Lizzie Arlington

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Elizabeth Stride (August 31, 1877 - 1919), known professionally as Lizzie Arlington, was an American baseball player. She was the first woman to play for a professional men's baseball team.

Early life[edit]

Arlington was the youngest of six children born to English emigrants Henry and Mary Stride. She grew up in Mahanoy City, Pennsylvania, where she played baseball with her father and brothers.[1]

On June 20, 1891, at age 13, Arlington took the field as the pitcher for the Mahanoy City baseball team against the visiting Cincinnati Reds (a professional women's team barnstorming through the area). Reds' manager Mark Lally, impressed with her play, immediately recruited and signed her to play for his team. Arlington played three seasons with the Reds, including two where she shared pitching duties with Maud Nelson.[1]

Arlington played for the Young Ladies Baseball Club of New York in 1894 and the other Young Ladies Baseball Club of New York (also known as the New York Stars) in 1895.[1]

Minor League Baseball (1898)[edit]

In 1898, sporting and theatrical promoter William J. Connor engaged Arlington for $100.00 a week and negotiated with Atlantic League president Edward G. Barrow for her to sign a minor league contract. She debuted later that year while pitching for the reserve team of the Philadelphia Nationals, and continued to pitch and play infield against several professional clubs in exhibition games around the country throughout the summer.[2][3]

On July 5, 1898, Arlington became the first woman to play for a professional men's baseball team when she pitched the ninth inning for the Reading Coal Heavers against the Allentown Peanuts. Reading was leading 5-0 heading into the final inning when Arlington entered the game. Though she allowed two hits and walked a batter to load the bases, Arlington succeeded in retiring the next three batters to preserve the victory, as the crowd enthusiastically shouted "Good for Lizzie!"[1][2]

The Reading Eagle newspaper reported that more than a thousand fans, including 200 women, attended the game to see what Arlington looked like and what she wore. She entered the grounds in a "stylish carriage drawn by two white horses" and, responding to applause by lifting her cap, revealed her hair done in the latest fashion. She wore black stockings and a gray uniform with knee-length skirt. During the pre-game practice, Arlington played second base like a professional, "even down to expectorating on her hands and wiping them on her uniform", according to the report.[2]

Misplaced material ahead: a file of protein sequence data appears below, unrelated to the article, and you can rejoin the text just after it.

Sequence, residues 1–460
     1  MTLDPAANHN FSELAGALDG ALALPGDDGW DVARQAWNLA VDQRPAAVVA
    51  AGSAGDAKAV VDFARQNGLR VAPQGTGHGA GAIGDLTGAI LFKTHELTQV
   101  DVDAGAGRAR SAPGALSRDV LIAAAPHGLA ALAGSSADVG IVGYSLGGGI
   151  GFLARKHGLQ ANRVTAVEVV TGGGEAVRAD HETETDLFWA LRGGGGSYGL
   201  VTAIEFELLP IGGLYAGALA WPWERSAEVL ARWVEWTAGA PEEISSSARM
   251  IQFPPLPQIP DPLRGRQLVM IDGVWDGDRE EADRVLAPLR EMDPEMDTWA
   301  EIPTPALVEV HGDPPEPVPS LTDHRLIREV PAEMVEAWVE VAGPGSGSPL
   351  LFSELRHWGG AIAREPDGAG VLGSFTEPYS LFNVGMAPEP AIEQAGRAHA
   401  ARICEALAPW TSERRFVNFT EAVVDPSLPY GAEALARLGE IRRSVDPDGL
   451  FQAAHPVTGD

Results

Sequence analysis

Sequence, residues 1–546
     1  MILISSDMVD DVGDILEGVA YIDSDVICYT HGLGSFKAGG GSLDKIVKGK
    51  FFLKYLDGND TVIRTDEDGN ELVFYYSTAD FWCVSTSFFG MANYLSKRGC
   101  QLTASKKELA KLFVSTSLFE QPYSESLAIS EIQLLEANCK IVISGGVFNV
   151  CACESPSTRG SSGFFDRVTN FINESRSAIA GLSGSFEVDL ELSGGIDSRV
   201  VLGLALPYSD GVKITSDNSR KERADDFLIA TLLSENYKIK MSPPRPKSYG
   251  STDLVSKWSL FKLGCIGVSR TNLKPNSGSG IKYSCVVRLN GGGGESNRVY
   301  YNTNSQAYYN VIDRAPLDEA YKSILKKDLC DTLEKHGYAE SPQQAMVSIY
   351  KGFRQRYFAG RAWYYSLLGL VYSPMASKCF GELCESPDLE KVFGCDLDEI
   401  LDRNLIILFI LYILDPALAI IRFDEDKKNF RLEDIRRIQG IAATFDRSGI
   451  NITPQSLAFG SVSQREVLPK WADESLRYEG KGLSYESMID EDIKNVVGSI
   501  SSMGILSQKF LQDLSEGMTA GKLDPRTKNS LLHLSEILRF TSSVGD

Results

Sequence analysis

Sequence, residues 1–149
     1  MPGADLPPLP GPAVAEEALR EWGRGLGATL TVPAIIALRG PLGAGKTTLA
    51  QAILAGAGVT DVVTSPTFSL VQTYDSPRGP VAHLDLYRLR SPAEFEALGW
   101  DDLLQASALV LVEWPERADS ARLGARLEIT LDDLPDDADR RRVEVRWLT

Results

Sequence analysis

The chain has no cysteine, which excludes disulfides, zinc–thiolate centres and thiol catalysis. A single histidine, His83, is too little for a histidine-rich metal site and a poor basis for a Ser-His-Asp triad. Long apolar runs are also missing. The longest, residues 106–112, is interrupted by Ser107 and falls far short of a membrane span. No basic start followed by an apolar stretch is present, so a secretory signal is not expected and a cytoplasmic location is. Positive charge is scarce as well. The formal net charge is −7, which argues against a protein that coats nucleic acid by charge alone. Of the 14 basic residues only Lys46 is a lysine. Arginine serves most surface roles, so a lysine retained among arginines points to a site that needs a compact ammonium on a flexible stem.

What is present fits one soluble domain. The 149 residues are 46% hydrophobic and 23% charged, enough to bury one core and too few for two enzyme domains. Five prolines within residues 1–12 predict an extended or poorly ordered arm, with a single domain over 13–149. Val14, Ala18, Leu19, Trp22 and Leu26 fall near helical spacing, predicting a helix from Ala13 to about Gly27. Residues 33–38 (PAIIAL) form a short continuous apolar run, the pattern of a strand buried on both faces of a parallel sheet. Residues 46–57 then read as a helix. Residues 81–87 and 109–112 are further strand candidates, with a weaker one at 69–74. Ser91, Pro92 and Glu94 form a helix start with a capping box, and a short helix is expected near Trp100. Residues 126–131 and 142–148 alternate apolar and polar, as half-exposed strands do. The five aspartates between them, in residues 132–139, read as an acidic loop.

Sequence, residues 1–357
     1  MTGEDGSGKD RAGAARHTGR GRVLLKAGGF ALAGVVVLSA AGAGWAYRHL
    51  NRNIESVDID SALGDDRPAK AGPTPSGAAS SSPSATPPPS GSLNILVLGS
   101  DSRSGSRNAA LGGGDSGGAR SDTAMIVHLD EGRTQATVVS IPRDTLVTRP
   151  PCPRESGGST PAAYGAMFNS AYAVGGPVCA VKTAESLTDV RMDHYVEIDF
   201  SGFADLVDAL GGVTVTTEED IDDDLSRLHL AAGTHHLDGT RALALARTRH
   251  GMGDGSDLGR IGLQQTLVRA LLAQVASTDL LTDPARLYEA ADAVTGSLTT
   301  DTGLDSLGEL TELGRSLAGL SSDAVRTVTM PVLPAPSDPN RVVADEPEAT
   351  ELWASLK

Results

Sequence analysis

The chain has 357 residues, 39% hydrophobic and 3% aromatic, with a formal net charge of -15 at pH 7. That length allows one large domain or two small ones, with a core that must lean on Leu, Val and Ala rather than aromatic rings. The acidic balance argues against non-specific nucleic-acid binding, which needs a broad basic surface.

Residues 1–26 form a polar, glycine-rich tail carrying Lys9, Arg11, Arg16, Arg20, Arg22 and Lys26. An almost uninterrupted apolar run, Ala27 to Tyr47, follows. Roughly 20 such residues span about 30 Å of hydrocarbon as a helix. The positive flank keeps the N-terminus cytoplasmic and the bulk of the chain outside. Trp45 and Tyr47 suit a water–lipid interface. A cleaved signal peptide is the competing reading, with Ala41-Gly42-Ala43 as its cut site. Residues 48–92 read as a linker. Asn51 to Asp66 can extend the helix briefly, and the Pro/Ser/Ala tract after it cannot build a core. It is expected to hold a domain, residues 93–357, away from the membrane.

The verdict of the Eagle's sports writer was that Arlington might do all right among amateurs but lacked control and the strength to get much speed in the ball. However, he added, "for a woman, she is a success." A writer for the Hartford Courant, anticipating her coming to play for the locals against the Newark team, commented, "It is said that she plays ball like a man and talks ball like a man and if it was not for her bloomers she would be taken for a man on the diamond, having none of the peculiarities of women ball players." But authorities cancelled the appearance of Arlington in Hartford, reportedly because the home team management wanted to take no chances on losing the game, and thereafter her name disappeared from the sports pages.[2]

References[edit]

  1. ^ a b c d Shattuck, Debra (2017). Bloomer Girls: Women Baseball Pioneers. University of Illinois Press. p. 149. ISBN 978-0-252-08186-6.
  2. ^ a b c d Seymour, Harold; Seymour, Dorothy Z. (1991). Baseball: The People's Game. Oxford University Press. ISBN 978-0-19-506907-5.
  3. ^ Baseball Almanac – 1898 in review